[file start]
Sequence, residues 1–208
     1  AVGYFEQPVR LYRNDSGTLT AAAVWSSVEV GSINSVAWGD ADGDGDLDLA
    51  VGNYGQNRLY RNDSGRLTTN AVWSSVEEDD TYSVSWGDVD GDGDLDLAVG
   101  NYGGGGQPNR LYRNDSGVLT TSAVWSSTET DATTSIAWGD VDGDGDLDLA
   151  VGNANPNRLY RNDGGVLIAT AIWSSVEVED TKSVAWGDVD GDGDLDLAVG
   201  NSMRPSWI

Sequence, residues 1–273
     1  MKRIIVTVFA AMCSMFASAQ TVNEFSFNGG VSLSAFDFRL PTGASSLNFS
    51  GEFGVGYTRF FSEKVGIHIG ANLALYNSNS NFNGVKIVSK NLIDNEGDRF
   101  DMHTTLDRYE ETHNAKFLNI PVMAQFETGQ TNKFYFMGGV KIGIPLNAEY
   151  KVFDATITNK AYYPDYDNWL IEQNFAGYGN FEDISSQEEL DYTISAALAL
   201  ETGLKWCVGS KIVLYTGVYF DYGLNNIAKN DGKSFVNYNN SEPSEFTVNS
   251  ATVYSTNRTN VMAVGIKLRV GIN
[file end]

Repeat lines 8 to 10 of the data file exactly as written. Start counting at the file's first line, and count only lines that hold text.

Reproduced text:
     1  MKRIIVTVFA AMCSMFASAQ TVNEFSFNGG VSLSAFDFRL PTGASSLNFS
    51  GEFGVGYTRF FSEKVGIHIG ANLALYNSNS NFNGVKIVSK NLIDNEGDRF
   101  DMHTTLDRYE ETHNAKFLNI PVMAQFETGQ TNKFYFMGGV KIGIPLNAEY